The decisions to allow both Brook Lopez and Julius Randle to leave have seemingly backfired. Lopez has helped the Bucks enjoy success as they enter the 2019 postseason with the league’s best record. Randle, with career averages of 13.4 points per game, 8.9 rebounds per game and 2.7 assists per game during his four year Lakers career, has gone to New Orleans and put up numbers of 21.4 points per game, 8.7 rebounds per game and 3.1 assists per game.
The midseason additions of Reggie Bullock and Mike Muscala bore little if any fruit. In 19 games played for Los Angeles, Bullock is averaging 9.3 points per game while shooting 41%. In 17 games played for Los Angeles, Muscala is averaging 5.9 points per game, while pulling down 2.9 rebounds per outing.
Meanwhile, Ivica Zubac, one of the players involved in the trade with the Los Angeles Clippers for Mike Muscala (the other being the since-waived Michael Beasley), is averaging 9 points and 8 rebounds per game. Definitely not spectacular, but decent numbers.
To say that most of the maneuvers made by the Magic/Pelinka regime have not been very good would be to state the obvious. All-Star New Orleans Pelicans center Anthony Davis publicly demanded a trade, making no secret his preferred destination is to become a Los Angeles Laker. Magic attempted to negotiate a trade but was rebuffed by New Orleans. Ultimately, Pelicans general manager Dell Demps was fired and no resolution to the Davis request was reached. As of now, he remains with the Pelicans organization.
Outside of the LeBron signing, very little, if anything, of note, can be pointed to as a signature accomplishment. Even with James, the Lakers will miss the playoffs. While this year will be viewed as a failure by Lakers fans, it must be noted that James did miss a number of games due to a groin tear suffered on Christmas Day. The team as a whole was not immune to the injury bug as Rondo missed a number of games due to injury, and both Ball and Ingram missed games, eventually leading to them being shut down for the season, as LeBron would also be convinced to waive the white flag with six games remaining.
Going into the season finale, Lakers players missed a whopping 212 combined games due to injury this season. Even though James put up phenomenal individual numbers, averaging 27.4 points, 8.5 rebounds and 8.3 assists per game, the ultimate goal of reaching the playoffs will escape the Lakers grasp again this year.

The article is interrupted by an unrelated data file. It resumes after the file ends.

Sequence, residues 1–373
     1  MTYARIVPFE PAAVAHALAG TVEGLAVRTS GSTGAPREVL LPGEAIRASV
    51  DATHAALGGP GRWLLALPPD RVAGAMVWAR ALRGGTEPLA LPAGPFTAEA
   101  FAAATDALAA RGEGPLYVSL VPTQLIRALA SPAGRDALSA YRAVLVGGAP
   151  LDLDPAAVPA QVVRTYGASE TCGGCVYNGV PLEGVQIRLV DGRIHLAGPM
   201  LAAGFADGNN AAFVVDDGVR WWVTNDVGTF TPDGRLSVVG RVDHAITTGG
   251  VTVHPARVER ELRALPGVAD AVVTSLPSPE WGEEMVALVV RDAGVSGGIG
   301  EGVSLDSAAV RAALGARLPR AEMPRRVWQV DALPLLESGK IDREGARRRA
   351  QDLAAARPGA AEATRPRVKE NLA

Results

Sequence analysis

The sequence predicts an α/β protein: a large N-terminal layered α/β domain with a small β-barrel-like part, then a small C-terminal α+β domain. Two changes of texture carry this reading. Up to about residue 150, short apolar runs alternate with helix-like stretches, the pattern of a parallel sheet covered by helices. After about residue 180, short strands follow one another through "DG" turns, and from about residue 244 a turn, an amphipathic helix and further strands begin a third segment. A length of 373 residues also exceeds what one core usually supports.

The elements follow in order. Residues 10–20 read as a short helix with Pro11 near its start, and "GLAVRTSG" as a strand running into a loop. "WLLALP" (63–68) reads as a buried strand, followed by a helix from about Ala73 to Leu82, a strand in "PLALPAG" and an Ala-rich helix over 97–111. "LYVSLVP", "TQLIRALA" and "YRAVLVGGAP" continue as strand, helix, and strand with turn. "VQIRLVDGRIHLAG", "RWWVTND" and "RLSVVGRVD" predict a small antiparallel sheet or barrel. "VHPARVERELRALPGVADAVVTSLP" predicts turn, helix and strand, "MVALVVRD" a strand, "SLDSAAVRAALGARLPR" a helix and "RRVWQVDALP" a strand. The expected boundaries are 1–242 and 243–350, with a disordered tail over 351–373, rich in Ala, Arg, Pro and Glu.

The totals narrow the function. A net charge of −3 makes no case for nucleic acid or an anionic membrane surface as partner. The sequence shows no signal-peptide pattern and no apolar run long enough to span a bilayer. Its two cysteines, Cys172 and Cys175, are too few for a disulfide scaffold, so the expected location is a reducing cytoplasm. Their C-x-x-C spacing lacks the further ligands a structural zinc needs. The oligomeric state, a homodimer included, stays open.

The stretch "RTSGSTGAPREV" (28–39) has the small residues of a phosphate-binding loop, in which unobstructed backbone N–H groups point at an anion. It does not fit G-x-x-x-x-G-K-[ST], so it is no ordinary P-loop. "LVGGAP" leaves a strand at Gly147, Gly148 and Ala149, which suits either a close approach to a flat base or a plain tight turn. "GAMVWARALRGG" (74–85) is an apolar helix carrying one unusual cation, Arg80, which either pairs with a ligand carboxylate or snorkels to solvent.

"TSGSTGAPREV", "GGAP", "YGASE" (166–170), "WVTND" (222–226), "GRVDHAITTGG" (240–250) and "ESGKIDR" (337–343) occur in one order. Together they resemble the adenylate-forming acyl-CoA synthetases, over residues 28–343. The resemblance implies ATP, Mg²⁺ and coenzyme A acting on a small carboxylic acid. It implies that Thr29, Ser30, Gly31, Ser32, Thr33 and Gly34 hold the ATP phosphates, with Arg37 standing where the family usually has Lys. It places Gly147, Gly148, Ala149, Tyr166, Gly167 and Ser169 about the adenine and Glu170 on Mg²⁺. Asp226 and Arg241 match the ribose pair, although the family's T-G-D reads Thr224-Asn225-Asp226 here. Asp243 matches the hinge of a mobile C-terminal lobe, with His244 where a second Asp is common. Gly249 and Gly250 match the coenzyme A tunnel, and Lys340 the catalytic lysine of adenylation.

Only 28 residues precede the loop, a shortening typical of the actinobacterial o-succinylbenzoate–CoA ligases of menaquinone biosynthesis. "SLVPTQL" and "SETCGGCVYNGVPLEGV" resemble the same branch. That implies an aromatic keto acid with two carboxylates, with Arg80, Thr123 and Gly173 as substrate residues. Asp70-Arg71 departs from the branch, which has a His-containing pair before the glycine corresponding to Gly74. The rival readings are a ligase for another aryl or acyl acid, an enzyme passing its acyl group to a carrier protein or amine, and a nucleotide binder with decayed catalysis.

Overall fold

Going forward, the task of fixing what ails the Lakers will no longer fall in Magic Johnson’s lap. On April 9, 2019, Magic resigned his position of President of Basketball Operations prior to the Lakers final game of the season. He said he wasn’t having fun and was “tired of all the backstabbing, the whispering.” Magic is one of the most jovial and upbeat people on the face of the planet, inside and outside of the sports world. Things must have really taken a toll on him. He said he was “happier on the other side” and didn’t want to make the call on what to do about firing or retaining head coach Luke Walton. As an aside, Lakers trainer Marco Nunez was fired at the end of the season as well.
The upcoming summer for the Lakers was already a daunting one. Now with Magic’s resignation, they have yet another log on the fire to extinguish. Magic said that it would take at least two summers to get the players in place to engineer a turnaround. He wasn’t willing to stay to make a go of it.
Nevertheless, the Lakers franchise has its work cut out for them. A decision needs to be made soon regarding Luke Walton’s job status. This is critical in free agent pursuits, as potential new players will want to know for whom they would be playing. This summer will be quite hectic and busy, but one thing is certain. Magic won’t be around to have a hand in helping to right the ship. Lakers fans everywhere want to know how to right it because as it stands, things have definitely gone wrong.
Since this writing, the Lakers and Head Coach Luke Walton have mutually agreed to part ways. Let the search for the next head coach begin.